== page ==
BEIJING: China fired a new regulatory shot at its tech giants on Monday, asking them to end the long-standing practice of blocking each other’s links on their sites, or face the consequences.
The comments, made by the Ministry of Industry and Information Technology (MIIT) at a news briefing, mark the latest move in Beijing’s wider regulatory clampdown on some of the country’s biggest companies.
China’s Internet is dominated by a handful of technology giants that have historically had links and services blocked by rivals on their platforms.
MIIT spokesman Zhao Zhiguo said restricting general access to Internet links without reasonable reason “affects user experience, harms users’ rights and disrupts market order.” practice in July
“We are currently guiding relevant companies to self-examine and improve,” he said, citing instant messaging platforms as one of the first areas they were targeting.
He did not specify what the consequences would be for companies failing to comply with the new guidelines.
MIIT did not name any companies, but the 21st Century Business Herald newspaper reported on Saturday that Alibaba Group Holding Ltd and Tencent Holdings Ltd were among the firms that were asked to end the practice by an unspecified time last week. was said.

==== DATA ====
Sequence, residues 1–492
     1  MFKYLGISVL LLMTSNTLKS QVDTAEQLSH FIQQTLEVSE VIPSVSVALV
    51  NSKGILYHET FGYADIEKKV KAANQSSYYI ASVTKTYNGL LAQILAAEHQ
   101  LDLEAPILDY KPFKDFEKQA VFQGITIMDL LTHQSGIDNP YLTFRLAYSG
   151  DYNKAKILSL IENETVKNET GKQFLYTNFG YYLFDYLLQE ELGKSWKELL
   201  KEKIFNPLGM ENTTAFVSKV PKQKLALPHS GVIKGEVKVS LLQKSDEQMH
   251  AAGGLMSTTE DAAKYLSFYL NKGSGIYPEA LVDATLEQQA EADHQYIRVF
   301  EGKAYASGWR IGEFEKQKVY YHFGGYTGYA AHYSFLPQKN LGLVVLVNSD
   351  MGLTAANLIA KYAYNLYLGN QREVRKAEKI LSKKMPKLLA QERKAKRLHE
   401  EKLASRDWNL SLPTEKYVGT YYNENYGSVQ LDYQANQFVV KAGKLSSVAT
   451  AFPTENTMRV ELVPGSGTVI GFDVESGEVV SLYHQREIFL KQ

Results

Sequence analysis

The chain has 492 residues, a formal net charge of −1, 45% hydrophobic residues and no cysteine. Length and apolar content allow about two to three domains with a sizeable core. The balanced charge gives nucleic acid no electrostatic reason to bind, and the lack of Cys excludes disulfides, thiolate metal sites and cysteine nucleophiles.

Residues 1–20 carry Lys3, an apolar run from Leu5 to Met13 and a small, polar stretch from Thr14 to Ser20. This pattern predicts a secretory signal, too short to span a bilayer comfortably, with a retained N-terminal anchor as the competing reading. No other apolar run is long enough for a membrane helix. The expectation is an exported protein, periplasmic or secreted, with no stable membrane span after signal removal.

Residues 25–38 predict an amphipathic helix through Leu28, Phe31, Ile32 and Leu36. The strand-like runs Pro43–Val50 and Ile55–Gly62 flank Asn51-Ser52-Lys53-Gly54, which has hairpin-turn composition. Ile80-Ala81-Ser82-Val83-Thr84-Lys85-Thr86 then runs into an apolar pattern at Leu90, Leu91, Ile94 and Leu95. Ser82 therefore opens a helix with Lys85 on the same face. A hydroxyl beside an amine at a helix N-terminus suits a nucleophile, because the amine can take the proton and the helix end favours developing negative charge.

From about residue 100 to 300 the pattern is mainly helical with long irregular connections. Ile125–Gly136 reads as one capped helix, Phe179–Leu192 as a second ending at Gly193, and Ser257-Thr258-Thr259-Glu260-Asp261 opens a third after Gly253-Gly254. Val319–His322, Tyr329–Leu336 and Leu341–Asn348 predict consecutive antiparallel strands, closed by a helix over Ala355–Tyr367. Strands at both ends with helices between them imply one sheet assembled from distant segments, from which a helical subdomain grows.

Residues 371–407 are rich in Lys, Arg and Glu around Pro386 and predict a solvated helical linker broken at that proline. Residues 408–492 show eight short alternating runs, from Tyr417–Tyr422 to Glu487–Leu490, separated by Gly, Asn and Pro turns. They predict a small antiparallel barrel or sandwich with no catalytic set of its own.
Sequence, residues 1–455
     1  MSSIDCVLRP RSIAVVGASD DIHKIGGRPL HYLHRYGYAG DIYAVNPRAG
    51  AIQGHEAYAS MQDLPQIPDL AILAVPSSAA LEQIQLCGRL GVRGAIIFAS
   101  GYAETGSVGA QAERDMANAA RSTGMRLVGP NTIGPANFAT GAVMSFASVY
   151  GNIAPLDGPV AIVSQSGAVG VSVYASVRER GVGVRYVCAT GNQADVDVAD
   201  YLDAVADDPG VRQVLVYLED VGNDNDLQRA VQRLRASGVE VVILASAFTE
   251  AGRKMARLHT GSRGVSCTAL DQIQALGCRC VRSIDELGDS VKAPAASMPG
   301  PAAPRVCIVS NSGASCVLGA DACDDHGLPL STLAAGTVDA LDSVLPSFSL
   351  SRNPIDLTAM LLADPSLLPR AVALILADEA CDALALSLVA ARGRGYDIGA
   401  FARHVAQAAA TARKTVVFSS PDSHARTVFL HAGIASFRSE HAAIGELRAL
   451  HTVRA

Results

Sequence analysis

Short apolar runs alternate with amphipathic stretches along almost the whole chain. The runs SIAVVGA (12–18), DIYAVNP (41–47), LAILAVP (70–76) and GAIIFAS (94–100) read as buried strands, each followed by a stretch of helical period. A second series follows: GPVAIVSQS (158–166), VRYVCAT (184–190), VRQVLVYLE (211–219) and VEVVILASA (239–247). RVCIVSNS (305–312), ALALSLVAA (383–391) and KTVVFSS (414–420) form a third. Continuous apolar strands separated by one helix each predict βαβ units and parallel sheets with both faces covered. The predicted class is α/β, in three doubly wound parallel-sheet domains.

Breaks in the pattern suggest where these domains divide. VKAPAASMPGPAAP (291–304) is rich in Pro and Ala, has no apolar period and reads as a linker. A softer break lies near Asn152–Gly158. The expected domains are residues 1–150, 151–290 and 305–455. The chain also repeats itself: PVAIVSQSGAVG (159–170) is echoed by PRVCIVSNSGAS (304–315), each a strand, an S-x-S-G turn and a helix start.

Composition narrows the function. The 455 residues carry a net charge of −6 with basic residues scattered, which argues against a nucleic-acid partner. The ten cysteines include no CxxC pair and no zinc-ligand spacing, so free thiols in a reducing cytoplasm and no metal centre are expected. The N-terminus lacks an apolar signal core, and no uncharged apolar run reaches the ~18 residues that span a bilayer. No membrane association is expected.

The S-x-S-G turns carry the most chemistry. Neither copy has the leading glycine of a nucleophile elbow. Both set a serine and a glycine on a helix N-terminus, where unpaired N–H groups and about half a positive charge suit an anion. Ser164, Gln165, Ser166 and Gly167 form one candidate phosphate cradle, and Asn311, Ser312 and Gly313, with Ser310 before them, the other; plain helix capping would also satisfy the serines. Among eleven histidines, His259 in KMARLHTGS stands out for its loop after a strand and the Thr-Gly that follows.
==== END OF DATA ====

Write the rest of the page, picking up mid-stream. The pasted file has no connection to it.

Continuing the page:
Shares of Alibaba Group and Tencent Holdings were down 6 per cent and 3 per cent, respectively, on Monday, compared to 3 per cent fall in the Hang Seng Tech index.
It is common practice by MIITs to remove targeted competitor URLs.
Tencent restricts users from sharing content on Tencent’s instant messaging app WeChat and QQ from ByteDance-owned short video app Douyin. In February, Douyin filed a complaint in a Beijing court saying it was monopolistic behavior. Tencent has called those allegations baseless.
In other cases, Alibaba’s Taobao and Tmall e-commerce marketplaces do not allow Tencent’s payment service WeChat Pay to be used as a payment option.
Tencent said it supports MIIT’s guidance and will make necessary changes in phases. Alibaba said it will comply with MIIT requirements and “looks forward to finding common ground with other platforms.”
ByteDance called on all Internet platforms to take action, make excuses, clarify timetables, and proactively implement them to provide users with a secure, reliable and convenient network.
Michael Norris, research and strategy manager at Shanghai-based consultancy agency China, said, “Forced cracks in China’s walled city have the potential to rewrite China’s digital advertising and e-commerce landscape.
“In the short term, all eyes will be on Tencent because of what it means to open up WeChat to Alibaba and ByteDance,” he said.
MIIT also said on Monday that there are “too many” electric vehicle (EV) manufacturers in China and that the government would encourage consolidation.
by Brenda Goh and Shane Yano
This News Originally From – The Epoch Times